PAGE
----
26 November 18 The Straits Times by JANICE TAI
When he attended agricultural school in Britain in 2011, Mr Bjorn Low and his classmates were asked to slaughter 200 turkeys for the Christmas season.
Mr Low diligently followed instructions - electrocuting the turkeys, slitting their throats and plucking their feathers.
His teacher later asked: "Did you feel anything?" It was then that Mr Low realised he had pushed emotions aside and focused just on getting the job done.
"It is like today's agricultural system where everything is so mechanised and we have lost touch with our feelings and lost touch with the earth and soil in a bid to mass produce food for society," said Mr Low, 38, who was formerly working in advertising in Britain.
He came back to Singapore in 2012 to start an urban farming social enterprise, with a business partner who has since left.
From $10,000 in initial capital, the social enterprise now known as Edible Garden City looks to hit $1.5 million in revenue this year.
In a country where 90 per cent of its food is imported and only 1 per cent of the land is cultivated, the enterprise has helped to design and build 180 commercial and residential food gardens. It also supplies herbs, microgreens and edible flowers to 60 restaurants.
Mr Low hopes to tender for a new urban farm site in Henderson to build an urban farming therapy centre. Closed-loop self-contained farming units or containers will also be launched at Citizen Farm in January next year. The idea is to distribute these to housing areas across the island, so each community can grow its own food sustainably.
"I am grateful for the big project that Marina Bay Sands gave to us in 2014 when we created a herb garden for their Rise restaurant, as it then gave us the proof-of-concept to work with other hotels and property developers," he said.
It was a pioneer in turning underused rooftop spaces into farming spaces in buildings such as Wheelock Place and Raffles City.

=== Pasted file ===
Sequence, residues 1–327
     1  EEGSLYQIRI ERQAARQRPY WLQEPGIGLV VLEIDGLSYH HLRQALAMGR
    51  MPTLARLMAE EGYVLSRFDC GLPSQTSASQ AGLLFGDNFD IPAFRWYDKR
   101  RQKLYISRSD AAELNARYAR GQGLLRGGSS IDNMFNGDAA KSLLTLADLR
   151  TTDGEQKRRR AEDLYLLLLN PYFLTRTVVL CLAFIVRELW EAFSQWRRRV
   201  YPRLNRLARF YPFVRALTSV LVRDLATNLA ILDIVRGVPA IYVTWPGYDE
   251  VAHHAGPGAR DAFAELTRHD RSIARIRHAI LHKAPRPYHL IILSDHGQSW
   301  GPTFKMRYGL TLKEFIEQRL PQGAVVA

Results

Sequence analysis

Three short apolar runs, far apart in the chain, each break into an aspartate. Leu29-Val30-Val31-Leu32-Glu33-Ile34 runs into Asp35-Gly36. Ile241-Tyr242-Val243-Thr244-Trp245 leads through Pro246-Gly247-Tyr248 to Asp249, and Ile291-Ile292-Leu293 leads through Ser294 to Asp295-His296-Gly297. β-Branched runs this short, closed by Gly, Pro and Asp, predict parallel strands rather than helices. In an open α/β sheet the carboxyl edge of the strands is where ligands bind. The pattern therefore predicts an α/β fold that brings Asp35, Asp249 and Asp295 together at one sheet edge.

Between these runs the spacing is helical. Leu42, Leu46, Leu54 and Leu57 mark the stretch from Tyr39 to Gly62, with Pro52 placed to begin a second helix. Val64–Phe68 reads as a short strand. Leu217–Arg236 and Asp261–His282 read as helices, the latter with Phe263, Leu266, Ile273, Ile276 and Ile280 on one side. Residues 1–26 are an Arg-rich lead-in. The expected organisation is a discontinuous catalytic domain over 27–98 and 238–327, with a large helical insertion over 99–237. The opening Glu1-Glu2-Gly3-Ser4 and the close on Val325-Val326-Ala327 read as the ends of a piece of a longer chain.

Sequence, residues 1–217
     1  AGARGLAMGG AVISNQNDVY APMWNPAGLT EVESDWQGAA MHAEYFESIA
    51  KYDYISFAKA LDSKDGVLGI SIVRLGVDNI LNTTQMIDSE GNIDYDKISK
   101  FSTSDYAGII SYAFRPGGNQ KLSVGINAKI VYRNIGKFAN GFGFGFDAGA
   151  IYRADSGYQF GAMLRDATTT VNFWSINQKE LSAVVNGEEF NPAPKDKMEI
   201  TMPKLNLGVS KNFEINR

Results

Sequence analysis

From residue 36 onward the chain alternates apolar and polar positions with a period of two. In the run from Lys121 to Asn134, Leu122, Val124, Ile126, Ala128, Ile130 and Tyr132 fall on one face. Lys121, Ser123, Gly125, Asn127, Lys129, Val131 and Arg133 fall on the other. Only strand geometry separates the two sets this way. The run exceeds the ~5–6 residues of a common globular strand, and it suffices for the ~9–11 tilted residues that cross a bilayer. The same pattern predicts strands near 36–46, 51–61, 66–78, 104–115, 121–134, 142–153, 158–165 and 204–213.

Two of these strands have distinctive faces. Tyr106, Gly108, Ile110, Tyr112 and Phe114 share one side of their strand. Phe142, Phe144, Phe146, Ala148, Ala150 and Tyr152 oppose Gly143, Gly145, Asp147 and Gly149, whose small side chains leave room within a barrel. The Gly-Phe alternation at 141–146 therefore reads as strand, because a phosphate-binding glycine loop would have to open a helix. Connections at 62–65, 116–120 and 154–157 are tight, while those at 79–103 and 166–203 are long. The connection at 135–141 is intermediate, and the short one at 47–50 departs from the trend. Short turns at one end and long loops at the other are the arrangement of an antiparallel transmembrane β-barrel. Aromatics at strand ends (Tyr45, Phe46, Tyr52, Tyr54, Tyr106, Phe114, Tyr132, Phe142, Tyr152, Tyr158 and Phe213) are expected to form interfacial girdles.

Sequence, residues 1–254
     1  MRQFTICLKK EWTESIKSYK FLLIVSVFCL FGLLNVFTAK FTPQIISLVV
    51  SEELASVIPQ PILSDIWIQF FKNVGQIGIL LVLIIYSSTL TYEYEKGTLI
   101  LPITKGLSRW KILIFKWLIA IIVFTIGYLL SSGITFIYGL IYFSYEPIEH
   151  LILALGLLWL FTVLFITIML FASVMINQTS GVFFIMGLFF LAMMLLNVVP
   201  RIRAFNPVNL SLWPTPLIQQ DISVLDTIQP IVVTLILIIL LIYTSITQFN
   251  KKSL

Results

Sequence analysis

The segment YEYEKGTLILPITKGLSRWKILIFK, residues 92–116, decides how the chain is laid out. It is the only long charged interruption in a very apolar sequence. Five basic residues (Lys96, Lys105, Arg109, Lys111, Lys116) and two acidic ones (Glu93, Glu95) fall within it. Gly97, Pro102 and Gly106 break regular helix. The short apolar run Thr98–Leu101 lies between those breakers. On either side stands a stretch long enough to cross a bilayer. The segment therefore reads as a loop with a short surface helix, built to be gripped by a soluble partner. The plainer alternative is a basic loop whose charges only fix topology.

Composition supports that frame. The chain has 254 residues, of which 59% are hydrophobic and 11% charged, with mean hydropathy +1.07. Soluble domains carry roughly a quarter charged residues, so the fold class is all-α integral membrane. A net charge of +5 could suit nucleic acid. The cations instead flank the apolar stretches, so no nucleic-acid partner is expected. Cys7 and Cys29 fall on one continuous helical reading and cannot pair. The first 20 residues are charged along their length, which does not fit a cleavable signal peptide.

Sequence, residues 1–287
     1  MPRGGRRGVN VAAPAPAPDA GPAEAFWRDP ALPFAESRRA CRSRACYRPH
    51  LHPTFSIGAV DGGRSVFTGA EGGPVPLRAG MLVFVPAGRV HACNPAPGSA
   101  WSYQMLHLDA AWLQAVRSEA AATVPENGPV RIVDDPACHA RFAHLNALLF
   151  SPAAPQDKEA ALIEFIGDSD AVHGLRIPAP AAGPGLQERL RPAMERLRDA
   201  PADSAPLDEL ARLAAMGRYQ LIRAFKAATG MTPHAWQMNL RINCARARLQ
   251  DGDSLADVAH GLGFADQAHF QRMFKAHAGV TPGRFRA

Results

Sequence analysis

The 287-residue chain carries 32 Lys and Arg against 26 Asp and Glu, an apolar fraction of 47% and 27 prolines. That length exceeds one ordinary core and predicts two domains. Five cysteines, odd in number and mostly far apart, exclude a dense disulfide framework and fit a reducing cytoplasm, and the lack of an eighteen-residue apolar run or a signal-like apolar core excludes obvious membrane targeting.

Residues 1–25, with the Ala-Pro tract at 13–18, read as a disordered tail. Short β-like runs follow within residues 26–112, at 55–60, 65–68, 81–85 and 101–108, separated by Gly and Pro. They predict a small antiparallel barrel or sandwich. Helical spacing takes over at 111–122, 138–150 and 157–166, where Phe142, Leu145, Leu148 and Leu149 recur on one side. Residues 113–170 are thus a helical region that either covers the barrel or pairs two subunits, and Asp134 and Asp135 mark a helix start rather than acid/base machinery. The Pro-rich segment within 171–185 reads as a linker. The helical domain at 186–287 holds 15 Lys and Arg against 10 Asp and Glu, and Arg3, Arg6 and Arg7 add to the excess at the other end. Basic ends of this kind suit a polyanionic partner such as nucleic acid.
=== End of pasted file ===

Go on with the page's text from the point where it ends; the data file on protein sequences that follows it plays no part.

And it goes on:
In 2015, it piloted an urban farming model in Queenstown called Citizen Farm that involved the community in farming. Currently, 10 people with autism are hired to work on the farm.
Edible Garden City also trains seniors, prison inmates, pre-dementia and psychiatric patients, and students with special needs in farming techniques for therapeutic or employment purposes.
In August, Mr Low was named a fellow of non-profit organisation Ashoka, which funds early-stage social entrepreneurs addressing social, human and environmental problems in creative ways.
Edible Garden City also secured a grant of $160,000 from DBS Foundation last year and another of $500,000 from Temasek Foundation Ecosperity this year.
Next up, Mr Low hopes to tender for a new urban farm site in Henderson to build an urban farming therapy centre. Closed-loop self-contained farming units or containers will also be launched at Citizen Farm in January next year. The idea is to distribute these to housing areas across the island, so each community can grow its own food sustainably.
Mr Low, a father of two who is inspired by Japanese farmer and philosopher Masanobu Fukuoka, said: "As we nurture life, we are actually nurturing ourselves."